15 Jul 2011

Growing civil unrest

Growing civil unrest

From February 1998, demonstrations began on university campuses, protesting against Suharto's re-election and calling for democratic reform. These continued, gathering momentum between March and May, in defiance of government bans. A series of student demonstrations in Jakarta, as well as in Medan, Yogyakarta, and Bandung in May led to clashes with police in which at least 12 students were killed and dozens injured. The students, who claimed their action was peaceful, were calling for the removal of President Suharto and protesting at the rise in fuel prices. The most serious rioting took place in Medan, the biggest city of Sumatra, where police fired live bullets at demonstrators. The riots, considered the worst since the beginning of the Asian economic crisis in 1997, were not confined to a university campus, but spilt on to the streets and became dominated by ordinary working-class Indonesians. Indonesia's official human-rights body later claimed the death toll exceeded 1,000.The demonstrations had followed the government's implementation of austerity measures demanded by the International Monetary Fund in return for its bailout of the failing economy.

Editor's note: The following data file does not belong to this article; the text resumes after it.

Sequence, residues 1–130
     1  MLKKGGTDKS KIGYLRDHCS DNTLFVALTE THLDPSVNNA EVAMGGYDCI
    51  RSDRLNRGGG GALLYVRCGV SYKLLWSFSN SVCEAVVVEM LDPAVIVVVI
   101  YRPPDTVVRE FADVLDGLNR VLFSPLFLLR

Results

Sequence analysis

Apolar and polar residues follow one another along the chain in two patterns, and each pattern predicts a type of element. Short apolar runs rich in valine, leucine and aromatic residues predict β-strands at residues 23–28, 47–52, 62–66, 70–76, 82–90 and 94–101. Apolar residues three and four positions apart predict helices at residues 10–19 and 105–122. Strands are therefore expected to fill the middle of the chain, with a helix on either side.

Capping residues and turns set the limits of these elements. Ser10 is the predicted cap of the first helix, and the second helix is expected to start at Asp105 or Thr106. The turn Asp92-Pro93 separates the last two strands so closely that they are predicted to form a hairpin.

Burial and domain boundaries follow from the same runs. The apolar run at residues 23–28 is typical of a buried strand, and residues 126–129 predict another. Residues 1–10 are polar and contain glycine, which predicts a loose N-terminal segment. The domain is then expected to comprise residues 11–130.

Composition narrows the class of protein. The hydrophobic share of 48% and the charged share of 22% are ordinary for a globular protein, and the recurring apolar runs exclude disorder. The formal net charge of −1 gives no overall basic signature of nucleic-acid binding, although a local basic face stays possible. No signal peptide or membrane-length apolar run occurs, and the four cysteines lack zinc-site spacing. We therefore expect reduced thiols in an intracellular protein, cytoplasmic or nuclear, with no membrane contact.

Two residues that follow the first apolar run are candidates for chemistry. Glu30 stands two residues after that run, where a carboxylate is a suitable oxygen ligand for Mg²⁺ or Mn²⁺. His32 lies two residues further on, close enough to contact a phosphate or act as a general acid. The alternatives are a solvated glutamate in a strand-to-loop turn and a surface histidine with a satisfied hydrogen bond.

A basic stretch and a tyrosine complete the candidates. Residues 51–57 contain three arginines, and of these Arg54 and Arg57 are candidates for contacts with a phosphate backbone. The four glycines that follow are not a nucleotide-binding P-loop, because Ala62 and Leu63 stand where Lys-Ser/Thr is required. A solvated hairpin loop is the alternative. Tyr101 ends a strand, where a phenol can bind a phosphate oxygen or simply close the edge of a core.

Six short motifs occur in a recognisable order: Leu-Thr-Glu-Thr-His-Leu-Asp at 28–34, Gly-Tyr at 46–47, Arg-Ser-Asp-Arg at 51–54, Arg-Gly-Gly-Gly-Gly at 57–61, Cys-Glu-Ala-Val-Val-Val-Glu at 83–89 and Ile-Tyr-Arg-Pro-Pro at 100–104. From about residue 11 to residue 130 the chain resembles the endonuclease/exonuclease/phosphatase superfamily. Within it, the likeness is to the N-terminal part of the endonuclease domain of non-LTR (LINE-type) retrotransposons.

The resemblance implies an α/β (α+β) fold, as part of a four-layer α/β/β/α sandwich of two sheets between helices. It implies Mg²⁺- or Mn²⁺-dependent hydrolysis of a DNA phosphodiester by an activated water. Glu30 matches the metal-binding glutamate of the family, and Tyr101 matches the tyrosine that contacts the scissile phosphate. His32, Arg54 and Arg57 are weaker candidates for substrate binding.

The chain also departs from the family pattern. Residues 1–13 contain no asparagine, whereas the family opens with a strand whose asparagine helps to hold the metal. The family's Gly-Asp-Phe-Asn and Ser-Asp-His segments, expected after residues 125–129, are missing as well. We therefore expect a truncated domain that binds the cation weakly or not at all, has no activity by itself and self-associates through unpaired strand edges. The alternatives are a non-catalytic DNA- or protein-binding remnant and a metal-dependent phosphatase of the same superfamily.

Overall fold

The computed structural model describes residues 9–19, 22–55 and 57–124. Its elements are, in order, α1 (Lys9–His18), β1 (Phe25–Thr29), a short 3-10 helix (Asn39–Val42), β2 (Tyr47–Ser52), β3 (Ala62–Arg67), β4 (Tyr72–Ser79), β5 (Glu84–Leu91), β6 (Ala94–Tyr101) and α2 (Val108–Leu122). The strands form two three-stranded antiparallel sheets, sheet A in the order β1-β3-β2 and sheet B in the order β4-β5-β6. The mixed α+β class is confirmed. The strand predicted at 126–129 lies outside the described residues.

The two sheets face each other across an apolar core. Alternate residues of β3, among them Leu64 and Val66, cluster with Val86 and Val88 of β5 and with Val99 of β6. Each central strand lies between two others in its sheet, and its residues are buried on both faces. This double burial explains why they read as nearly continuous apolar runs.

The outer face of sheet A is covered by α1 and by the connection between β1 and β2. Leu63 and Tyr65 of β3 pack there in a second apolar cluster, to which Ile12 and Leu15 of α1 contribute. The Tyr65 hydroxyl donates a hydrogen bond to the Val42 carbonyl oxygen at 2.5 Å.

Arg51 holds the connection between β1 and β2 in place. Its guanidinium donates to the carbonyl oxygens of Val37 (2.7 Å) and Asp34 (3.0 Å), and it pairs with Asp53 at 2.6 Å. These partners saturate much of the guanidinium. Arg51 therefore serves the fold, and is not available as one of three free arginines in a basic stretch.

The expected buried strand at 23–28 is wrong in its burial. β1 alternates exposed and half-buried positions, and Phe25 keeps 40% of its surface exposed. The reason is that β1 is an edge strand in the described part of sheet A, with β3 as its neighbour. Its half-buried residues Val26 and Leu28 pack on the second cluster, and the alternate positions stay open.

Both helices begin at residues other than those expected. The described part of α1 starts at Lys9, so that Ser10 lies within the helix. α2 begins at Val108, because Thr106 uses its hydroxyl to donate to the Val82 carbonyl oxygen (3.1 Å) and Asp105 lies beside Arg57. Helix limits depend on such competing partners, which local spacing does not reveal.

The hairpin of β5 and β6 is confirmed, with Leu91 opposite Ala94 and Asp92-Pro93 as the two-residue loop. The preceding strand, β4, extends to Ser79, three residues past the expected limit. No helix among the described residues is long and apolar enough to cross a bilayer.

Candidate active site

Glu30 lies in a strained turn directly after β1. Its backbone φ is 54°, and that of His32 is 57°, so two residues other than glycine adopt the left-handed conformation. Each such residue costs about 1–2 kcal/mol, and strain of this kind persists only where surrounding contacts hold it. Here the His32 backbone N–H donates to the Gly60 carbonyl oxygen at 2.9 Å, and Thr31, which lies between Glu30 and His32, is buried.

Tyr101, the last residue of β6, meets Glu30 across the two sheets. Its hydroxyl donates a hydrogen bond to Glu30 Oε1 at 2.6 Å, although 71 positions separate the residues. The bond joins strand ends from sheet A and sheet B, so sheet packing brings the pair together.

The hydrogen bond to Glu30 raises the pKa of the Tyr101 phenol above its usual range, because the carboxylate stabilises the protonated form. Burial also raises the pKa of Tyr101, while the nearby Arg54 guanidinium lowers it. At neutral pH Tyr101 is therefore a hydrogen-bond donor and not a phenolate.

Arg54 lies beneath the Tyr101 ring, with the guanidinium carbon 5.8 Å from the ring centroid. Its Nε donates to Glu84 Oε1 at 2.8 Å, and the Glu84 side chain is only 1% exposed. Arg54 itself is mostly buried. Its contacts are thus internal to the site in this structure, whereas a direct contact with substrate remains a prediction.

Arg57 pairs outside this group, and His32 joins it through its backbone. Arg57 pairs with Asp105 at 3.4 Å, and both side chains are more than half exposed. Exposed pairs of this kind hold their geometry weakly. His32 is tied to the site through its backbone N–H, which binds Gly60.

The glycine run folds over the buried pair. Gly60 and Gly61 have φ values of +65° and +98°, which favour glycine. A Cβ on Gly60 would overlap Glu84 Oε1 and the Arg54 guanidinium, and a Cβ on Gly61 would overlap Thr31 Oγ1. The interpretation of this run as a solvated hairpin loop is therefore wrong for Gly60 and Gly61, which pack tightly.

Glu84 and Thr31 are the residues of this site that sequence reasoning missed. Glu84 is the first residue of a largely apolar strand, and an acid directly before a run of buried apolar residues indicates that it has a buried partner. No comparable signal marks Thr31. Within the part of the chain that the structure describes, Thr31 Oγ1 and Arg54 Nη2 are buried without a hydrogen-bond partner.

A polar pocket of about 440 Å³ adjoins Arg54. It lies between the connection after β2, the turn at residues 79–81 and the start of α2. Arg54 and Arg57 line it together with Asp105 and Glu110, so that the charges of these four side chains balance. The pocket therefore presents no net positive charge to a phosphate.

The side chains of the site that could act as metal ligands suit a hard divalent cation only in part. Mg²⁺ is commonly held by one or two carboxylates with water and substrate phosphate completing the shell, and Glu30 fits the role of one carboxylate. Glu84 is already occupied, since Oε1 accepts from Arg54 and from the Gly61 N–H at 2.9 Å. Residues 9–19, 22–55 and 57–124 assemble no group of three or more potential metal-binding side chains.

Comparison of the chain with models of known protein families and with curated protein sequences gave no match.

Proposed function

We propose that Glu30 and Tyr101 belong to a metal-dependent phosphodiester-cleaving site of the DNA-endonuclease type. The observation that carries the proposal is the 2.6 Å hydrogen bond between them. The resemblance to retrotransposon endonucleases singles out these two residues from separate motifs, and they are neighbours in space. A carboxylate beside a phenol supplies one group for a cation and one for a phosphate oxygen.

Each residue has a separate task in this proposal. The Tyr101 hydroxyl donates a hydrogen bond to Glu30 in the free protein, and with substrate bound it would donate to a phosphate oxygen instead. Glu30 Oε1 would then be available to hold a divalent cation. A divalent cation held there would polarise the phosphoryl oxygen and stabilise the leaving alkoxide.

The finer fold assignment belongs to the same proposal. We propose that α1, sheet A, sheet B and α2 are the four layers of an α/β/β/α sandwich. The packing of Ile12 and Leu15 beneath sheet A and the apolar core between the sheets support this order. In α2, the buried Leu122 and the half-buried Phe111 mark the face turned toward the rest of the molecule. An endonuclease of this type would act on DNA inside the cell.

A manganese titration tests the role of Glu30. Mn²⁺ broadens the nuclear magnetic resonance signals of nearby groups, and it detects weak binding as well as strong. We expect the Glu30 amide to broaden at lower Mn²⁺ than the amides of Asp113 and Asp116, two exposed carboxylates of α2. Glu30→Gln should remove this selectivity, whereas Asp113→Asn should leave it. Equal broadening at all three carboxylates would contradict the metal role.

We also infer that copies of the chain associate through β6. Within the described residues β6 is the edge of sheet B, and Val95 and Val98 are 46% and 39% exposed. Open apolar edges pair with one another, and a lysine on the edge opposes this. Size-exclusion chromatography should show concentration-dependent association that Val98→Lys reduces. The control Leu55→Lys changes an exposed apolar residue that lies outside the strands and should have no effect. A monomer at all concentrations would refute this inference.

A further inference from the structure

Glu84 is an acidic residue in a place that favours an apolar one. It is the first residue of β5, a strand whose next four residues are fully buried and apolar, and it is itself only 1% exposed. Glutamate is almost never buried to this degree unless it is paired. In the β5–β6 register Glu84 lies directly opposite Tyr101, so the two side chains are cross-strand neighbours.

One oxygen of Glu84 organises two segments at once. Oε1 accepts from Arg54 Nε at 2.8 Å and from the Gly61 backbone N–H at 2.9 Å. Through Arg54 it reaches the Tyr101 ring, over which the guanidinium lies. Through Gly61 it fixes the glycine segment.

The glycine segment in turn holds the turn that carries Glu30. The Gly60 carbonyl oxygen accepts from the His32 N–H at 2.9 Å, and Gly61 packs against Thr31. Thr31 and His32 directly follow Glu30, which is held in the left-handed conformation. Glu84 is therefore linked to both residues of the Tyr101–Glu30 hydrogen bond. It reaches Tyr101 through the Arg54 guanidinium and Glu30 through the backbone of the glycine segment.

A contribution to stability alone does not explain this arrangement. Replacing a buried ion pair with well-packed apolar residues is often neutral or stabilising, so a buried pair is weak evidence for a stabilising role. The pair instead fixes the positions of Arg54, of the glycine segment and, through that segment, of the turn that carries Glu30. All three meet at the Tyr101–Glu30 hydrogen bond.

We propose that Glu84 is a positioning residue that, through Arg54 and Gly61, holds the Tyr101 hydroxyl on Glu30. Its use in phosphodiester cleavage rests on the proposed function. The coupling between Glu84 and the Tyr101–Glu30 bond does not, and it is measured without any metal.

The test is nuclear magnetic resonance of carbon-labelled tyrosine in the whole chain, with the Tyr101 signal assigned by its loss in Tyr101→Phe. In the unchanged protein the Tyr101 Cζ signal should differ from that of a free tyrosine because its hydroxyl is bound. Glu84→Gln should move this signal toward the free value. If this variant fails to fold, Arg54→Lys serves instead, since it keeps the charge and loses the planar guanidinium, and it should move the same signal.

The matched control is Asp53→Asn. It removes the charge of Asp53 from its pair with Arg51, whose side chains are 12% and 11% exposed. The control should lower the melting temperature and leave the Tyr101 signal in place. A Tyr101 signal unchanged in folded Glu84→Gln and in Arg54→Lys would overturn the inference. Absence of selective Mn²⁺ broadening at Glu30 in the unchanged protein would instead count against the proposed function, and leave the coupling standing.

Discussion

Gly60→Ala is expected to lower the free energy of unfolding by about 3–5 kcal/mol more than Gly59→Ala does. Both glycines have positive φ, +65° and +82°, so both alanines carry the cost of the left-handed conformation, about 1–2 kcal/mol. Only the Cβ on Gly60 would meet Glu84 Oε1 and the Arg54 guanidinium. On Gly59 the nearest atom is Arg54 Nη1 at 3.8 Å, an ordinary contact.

Petrol prices had risen 71% and kerosene, used as a cooking fuel by the poor, had risen 25% as a result of the end of government subsidies. The disturbances had depressed the stock exchange and driven down the value of the Indonesian rupiah. The increase in fuel prices had further affected the transportation cost of basic commodities. The economic crisis had rendered most Indonesian companies technically bankrupt. Many were laying off employees, and it was this increasing desperation which appeared to be additionally fuelling the disturbances.

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